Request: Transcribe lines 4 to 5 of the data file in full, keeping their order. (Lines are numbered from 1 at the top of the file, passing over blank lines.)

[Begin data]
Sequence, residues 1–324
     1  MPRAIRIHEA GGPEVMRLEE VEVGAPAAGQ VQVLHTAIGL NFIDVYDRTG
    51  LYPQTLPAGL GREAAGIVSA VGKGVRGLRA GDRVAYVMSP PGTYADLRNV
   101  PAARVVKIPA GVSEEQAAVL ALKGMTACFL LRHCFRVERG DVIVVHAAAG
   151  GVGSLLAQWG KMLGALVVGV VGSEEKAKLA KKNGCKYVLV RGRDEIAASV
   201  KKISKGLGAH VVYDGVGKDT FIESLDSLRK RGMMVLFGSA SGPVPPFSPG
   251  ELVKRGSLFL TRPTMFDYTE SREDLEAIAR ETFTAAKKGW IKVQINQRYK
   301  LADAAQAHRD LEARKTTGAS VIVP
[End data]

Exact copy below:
   101  PAARVVKIPA GVSEEQAAVL ALKGMTACFL LRHCFRVERG DVIVVHAAAG
   151  GVGSLLAQWG KMLGALVVGV VGSEEKAKLA KKNGCKYVLV RGRDEIAASV